Please set your SPAM filter to accept emails from Rasch.org

www.rasch.org welcomes your comments:

Your email address (if you want us to reply):

 

ForumRasch Measurement Forum to discuss any Rasch-related topic

Go to Top of Page
Go to index of all Rasch Measurement Transactions
AERA members: Join the Rasch Measurement SIG and receive the printed version of RMT
Some back issues of RMT are available as bound volumes
Subscribe to Journal of Applied Measurement

Go to Institute for Objective Measurement Home Page. The Rasch Measurement SIG (AERA) thanks the Institute for Objective Measurement for inviting the publication of Rasch Measurement Transactions on the Institute's website, www.rasch.org.

Coming Rasch-related Events
Dec. 7-9, 2016, Wed.-Fri. In-person workshop: Introductory Rasch (M. Horton, RUMM), Leeds, UK, www.leeds.ac.uk/medicine/rehabmed/psychometric
Dec. 16, 2016, Fri. Psychometrician's Day (Elena Kardanova), Higher School of Economics, Moscow, Russia
Jan. 6 - Feb. 3, 2017, Fri.-Fri. On-line workshop: Practical Rasch Measurement - Core Topics (E. Smith, Winsteps), www.statistics.com
March 31, 2017, Fri. Conference: 11th UK Rasch Day, Warwick, UK, www.rasch.org.uk
April 2-3, 2017, Sun.-Mon. Conference: Validity Evidence for Measurement in Mathematics Education (V-M2Ed), San Antonio, TX, Information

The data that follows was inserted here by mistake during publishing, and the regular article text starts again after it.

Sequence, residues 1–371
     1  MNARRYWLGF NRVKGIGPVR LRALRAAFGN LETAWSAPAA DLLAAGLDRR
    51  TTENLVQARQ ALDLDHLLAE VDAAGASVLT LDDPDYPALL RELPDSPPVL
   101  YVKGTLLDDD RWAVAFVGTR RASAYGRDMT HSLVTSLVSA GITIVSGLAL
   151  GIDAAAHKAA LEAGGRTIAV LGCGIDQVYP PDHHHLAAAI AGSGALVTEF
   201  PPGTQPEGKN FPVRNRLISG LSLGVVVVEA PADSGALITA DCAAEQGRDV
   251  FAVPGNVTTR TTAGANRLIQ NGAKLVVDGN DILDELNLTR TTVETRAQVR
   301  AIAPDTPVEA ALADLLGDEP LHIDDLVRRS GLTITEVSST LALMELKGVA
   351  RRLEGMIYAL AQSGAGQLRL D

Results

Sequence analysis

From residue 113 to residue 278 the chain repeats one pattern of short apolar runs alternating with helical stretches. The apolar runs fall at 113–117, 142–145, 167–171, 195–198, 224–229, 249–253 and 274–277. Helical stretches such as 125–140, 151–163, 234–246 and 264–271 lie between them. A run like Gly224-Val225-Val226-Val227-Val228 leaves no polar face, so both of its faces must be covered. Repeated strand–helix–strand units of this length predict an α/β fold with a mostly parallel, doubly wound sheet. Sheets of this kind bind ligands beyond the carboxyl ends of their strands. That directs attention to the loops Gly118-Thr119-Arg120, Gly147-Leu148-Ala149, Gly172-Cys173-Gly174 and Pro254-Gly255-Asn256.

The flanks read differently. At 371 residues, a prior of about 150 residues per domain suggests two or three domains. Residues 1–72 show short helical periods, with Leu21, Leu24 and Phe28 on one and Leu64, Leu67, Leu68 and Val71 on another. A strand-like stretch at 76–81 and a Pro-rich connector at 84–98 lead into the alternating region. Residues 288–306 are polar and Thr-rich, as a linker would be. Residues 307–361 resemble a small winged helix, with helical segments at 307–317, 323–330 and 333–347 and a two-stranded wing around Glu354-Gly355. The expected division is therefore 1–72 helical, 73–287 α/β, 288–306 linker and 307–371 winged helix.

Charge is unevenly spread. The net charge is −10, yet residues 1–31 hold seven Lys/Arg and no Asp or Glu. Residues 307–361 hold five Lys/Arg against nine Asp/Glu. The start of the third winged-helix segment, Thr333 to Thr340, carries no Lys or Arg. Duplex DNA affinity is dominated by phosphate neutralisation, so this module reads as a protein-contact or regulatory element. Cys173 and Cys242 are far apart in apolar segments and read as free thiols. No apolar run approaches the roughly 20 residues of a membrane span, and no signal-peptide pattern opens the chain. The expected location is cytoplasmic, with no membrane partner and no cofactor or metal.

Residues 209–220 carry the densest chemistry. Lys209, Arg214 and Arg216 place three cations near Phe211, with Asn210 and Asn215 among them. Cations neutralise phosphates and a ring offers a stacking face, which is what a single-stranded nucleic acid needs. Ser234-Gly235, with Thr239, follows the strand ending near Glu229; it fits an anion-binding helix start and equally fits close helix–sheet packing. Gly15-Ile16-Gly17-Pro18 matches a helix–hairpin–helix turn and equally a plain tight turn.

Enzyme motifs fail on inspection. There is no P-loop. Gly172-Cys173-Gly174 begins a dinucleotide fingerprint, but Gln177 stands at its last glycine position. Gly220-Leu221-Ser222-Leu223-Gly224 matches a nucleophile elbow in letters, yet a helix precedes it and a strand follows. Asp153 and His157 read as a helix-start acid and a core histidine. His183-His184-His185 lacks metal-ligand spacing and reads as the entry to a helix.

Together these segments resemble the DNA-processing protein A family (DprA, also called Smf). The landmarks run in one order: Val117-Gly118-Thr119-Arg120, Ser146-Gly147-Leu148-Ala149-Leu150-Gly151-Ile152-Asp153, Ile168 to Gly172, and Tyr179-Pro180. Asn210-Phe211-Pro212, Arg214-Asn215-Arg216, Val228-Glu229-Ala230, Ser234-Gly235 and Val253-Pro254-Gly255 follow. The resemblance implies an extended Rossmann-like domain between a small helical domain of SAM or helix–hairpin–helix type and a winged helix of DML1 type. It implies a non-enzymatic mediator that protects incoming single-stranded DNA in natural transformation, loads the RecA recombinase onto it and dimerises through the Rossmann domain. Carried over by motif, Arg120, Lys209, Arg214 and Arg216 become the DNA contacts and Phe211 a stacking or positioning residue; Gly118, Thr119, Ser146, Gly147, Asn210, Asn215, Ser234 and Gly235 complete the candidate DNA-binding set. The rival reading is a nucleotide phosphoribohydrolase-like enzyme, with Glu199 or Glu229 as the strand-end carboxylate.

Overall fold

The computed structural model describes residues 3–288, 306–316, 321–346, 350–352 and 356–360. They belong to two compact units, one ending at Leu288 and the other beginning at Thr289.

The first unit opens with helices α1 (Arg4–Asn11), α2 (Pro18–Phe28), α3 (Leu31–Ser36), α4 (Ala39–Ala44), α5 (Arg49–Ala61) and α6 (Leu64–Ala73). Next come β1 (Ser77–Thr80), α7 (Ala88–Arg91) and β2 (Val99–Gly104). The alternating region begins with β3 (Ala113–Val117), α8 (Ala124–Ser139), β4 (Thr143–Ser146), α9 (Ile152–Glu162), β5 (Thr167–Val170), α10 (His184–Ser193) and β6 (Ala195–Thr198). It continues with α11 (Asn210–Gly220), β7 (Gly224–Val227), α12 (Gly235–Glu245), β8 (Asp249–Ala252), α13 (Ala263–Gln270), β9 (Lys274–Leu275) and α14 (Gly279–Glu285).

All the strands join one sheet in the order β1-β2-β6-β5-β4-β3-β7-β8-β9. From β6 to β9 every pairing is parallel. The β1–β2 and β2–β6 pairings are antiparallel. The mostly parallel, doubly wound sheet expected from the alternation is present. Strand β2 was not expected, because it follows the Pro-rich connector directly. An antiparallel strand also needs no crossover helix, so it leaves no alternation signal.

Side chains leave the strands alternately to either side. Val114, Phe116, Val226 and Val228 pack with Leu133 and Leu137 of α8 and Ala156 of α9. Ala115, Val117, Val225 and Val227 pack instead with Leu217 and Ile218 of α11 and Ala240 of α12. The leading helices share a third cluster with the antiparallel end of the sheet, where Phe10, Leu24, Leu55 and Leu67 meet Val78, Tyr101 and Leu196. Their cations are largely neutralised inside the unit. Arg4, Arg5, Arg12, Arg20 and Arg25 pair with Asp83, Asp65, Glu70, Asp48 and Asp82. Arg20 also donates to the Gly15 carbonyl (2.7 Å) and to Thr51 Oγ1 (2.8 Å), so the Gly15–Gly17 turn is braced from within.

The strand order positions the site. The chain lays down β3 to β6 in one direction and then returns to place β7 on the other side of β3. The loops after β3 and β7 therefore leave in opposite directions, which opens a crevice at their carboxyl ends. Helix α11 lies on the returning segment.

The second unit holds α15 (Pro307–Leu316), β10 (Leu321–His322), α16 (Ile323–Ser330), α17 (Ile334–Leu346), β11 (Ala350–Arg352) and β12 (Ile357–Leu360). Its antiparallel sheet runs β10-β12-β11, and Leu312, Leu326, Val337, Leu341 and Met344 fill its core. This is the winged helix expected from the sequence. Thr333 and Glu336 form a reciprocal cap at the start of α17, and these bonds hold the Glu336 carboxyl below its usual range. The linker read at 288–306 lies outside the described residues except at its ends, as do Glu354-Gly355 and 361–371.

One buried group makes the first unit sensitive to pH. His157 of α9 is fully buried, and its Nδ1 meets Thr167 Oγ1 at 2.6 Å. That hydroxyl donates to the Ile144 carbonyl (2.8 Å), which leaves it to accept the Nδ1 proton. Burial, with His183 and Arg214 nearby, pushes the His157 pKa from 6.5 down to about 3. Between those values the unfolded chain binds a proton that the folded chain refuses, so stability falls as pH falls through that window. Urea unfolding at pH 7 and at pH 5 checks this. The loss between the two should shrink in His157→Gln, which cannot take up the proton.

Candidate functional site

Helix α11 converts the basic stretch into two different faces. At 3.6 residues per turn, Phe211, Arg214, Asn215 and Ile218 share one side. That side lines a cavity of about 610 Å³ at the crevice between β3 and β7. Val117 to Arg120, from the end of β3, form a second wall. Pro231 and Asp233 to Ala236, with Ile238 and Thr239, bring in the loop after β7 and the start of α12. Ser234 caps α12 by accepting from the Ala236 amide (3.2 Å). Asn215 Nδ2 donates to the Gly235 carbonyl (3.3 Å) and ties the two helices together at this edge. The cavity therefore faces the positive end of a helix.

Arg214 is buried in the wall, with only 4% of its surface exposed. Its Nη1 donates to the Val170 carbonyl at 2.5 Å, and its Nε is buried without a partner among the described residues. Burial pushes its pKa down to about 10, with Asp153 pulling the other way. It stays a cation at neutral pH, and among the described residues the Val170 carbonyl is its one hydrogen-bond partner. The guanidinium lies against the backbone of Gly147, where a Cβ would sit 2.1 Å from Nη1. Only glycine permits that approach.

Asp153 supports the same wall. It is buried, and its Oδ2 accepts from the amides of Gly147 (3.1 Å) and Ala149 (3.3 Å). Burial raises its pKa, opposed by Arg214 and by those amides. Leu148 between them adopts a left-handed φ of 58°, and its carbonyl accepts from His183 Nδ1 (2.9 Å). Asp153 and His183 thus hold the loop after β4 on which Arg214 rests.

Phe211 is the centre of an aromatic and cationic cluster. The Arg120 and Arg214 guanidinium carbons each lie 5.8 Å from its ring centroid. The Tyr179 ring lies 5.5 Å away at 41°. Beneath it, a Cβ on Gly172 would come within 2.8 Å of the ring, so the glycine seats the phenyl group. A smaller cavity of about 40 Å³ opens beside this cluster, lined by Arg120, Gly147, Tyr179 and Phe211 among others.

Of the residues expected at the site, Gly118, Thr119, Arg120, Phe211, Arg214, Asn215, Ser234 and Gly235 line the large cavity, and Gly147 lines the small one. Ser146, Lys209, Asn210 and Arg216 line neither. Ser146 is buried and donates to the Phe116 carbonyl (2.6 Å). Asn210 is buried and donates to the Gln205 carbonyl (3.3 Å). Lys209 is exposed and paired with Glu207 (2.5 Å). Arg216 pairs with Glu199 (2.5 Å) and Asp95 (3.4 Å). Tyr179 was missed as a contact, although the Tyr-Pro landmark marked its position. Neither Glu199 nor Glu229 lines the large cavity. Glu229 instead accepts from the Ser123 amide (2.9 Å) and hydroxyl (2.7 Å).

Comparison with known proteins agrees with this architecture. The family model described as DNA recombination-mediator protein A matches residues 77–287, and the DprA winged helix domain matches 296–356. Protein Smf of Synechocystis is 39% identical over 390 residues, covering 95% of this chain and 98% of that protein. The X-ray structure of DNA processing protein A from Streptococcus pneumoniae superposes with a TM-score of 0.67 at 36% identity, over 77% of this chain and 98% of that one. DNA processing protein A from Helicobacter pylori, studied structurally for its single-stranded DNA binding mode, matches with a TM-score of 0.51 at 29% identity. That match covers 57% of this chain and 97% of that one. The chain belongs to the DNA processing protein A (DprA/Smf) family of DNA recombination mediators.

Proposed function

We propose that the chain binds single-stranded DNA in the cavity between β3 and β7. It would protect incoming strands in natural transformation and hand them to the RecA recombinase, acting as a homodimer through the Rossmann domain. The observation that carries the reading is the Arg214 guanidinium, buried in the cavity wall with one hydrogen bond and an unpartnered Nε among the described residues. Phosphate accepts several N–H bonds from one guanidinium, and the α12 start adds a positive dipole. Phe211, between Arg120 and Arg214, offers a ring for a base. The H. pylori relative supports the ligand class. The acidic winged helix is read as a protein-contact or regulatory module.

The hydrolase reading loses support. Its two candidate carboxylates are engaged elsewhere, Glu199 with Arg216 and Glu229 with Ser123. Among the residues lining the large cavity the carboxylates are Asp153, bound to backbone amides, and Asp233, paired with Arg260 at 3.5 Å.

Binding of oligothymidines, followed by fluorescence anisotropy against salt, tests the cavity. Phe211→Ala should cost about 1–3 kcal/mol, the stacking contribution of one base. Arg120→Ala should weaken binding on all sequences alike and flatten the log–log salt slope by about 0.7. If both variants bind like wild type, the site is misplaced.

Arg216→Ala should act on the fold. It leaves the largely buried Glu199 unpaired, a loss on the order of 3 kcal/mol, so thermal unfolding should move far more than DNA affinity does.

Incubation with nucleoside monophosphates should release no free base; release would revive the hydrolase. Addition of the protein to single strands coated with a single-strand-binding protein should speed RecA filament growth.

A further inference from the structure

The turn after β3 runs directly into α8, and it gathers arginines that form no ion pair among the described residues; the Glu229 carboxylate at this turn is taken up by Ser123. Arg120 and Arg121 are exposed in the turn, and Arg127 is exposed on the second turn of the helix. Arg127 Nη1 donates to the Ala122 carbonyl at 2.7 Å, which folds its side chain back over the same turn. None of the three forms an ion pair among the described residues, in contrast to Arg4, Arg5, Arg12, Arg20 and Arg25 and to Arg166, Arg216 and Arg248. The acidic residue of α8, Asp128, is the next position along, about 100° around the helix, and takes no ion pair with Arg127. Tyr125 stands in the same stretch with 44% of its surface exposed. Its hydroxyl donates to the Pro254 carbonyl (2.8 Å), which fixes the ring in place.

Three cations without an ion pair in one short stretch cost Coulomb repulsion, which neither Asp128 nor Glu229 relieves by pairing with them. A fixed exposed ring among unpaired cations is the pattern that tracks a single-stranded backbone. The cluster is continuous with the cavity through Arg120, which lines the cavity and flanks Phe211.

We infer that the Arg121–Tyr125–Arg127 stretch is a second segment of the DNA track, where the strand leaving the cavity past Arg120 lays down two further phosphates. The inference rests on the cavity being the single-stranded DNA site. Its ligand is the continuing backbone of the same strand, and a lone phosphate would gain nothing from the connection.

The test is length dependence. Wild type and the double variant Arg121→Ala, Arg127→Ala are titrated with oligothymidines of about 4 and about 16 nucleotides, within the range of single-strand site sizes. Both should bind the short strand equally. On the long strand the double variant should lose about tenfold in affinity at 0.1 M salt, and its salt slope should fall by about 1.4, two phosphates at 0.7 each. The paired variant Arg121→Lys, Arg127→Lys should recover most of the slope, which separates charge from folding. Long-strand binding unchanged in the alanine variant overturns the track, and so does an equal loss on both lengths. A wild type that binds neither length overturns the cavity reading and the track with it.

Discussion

May 26 - June 23, 2017, Fri.-Fri. On-line workshop: Practical Rasch Measurement - Core Topics (E. Smith, Winsteps), www.statistics.com
June 30 - July 29, 2017, Fri.-Fri. On-line workshop: Practical Rasch Measurement - Further Topics (E. Smith, Winsteps), www.statistics.com
July 31 - Aug. 3, 2017, Mon.-Thurs. Joint IMEKO TC1-TC7-TC13 Symposium 2017: Measurement Science challenges in Natural and Social Sciences, Rio de Janeiro, Brazil, imeko-tc7-rio.org.br
Aug. 11 - Sept. 8, 2017, Fri.-Fri. On-line workshop: Many-Facet Rasch Measurement (E. Smith, Facets), www.statistics.com
Aug. 18-21, 2017, Fri.-Mon. IACAT 2017: International Association for Computerized Adaptive Testing, Niigata, Japan, iacat.org
Oct. 13 - Nov. 10, 2017, Fri.-Fri. On-line workshop: Practical Rasch Measurement - Core Topics (E. Smith, Winsteps), www.statistics.com
Jan. 5 - Feb. 2, 2018, Fri.-Fri. On-line workshop: Practical Rasch Measurement - Core Topics (E. Smith, Winsteps), www.statistics.com
Jan. 10-16, 2018, Wed.-Tues. In-person workshop: Advanced Course in Rasch Measurement Theory and the application of RUMM2030, Perth, Australia (D. Andrich), Announcement
Jan. 17-19, 2018, Wed.-Fri. Rasch Conference: Matilda Bay Club, Perth, Australia, Website
May 25 - June 22, 2018, Fri.-Fri. On-line workshop: Practical Rasch Measurement - Core Topics (E. Smith, Winsteps), www.statistics.com
June 29 - July 27, 2018, Fri.-Fri. On-line workshop: Practical Rasch Measurement - Further Topics (E. Smith, Winsteps), www.statistics.com
Aug. 10 - Sept. 7, 2018, Fri.-Fri. On-line workshop: Many-Facet Rasch Measurement (E. Smith, Facets), www.statistics.com
Oct. 12 - Nov. 9, 2018, Fri.-Fri. On-line workshop: Practical Rasch Measurement - Core Topics (E. Smith, Winsteps), www.statistics.com
The HTML to add "Coming Rasch-related Events" to your webpage is:
<script type="text/javascript" src="http://www.rasch.org/events.txt"></script>

The URL of this page is www.rasch.org/rmt/rmt83b.htm

Website: www.rasch.org/rmt/contents.htm